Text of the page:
Qualcomm aims at peer-to-peer with FlashLinq

It plans to test the technology, designed for licensed spectrum, with SK Telecom

Qualcomm plans to demonstrate a peer-to-peer wireless technology that will let devices form "neighborhood-area networks" at the Mobile World Congress in Barcelona next week.

The technology, called FlashLinq, works without intermediate infrastructure but will use licensed spectrum, Qualcomm said in a press release on Tuesday. It could complement cellular networks for applications such as local advertising, social networking and machine-to-machine networks, Qualcomm said. The company plans to trial FlashLinq in South Korea with carrier SK Telecom to explore possible commercial uses of the technology.

A growing number of wireless devices use peer-to-peer technologies for some applications, partly to open up the choice of where and when to communicate between devices. The Wi-Fi Alliance now has a peer-to-peer standard, called Wi-Fi Direct, which is slowly working its way into handsets, PCs and home electronics. But some new devices, such as a Samsung camera that can use a mobile phone for its viewfinder, and an Eye-Fi storage card that sends images straight to a phone for uploading, use Wi-Fi through proprietary software, at least for now.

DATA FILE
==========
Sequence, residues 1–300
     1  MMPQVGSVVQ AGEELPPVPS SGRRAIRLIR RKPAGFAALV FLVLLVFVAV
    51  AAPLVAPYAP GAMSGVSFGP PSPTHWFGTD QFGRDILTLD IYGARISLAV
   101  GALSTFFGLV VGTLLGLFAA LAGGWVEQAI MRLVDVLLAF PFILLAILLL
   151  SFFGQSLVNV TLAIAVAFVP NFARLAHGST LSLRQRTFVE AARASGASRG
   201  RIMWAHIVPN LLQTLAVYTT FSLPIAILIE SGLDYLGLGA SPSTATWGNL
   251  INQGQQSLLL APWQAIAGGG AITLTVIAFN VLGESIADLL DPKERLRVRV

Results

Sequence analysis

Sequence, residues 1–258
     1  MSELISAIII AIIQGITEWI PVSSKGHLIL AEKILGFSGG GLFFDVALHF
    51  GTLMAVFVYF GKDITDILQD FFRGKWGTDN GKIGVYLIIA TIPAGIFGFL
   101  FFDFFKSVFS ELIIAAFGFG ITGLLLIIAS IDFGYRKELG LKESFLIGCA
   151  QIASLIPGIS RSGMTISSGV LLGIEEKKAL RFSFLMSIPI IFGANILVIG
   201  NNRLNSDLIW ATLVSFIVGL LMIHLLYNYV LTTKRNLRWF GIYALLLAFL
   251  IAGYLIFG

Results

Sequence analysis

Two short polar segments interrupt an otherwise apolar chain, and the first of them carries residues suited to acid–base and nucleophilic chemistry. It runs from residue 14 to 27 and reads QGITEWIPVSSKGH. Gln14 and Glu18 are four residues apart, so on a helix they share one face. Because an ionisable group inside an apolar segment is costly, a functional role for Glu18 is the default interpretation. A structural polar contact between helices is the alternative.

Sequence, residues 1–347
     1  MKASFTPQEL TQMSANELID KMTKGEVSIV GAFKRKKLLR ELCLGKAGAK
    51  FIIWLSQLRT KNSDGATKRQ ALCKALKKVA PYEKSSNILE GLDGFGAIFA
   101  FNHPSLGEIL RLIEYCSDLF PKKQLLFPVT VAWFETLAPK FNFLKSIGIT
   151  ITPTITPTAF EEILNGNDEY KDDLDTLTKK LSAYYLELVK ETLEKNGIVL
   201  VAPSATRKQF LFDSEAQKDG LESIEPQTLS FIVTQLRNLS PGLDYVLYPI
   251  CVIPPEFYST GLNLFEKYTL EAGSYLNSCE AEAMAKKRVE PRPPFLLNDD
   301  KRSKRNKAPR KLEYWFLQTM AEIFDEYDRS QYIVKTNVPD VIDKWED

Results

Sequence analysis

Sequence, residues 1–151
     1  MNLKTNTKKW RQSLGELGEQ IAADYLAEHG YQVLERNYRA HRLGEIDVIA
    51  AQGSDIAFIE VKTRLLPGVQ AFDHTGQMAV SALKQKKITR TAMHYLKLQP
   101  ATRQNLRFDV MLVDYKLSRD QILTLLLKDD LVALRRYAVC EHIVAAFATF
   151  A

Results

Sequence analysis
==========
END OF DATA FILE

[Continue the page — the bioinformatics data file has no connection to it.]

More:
FlashLinq differs from those approaches in that it doesn't use the well-known unlicensed frequency bands of Wi-Fi. Because it's designed for licensed bands, FlashLinq probably would depend on frequencies licensed by a mobile operator or another large entity, unless there were bands set aside in a particular region for peer-to-peer wireless links.

The fledgling system is based on a form of OFDMA (Orthogonal Frequency-Division Multiplexing Access), the same basic technology used in WiMax and LTE (Long-Term Evolution) wireless networks, according to Qualcomm. With FlashLinq, devices can discover each other at a distance as long as a kilometer and connect at "broadband speeds," the company said. The devices could continually connect and disconnect from one another in a "neighborhood-area network," Qualcomm said.

Company officials were not immediately available for comment.

It's possible to have wireless networking built around client devices with no intermediate infrastructure, such as in a mesh, and that could save a lot of money, according to Farpoint Group analyst Craig Mathias. There would be no cost for towers, real estate or base-station maintenance, and the capacity of the network would expand as users gathered in particular areas, he said. He praised Qualcomm for trying new things.

"It's a sign, at the very least, that the vibrancy of the wireless industry is still there," Mathias said.

Stephen Lawson covers mobile, storage and networking technologies for The IDG News Service. Follow Stephen on Twitter at @sdlawsonmedia. Stephen's e-mail address is stephen_lawson@idg.com

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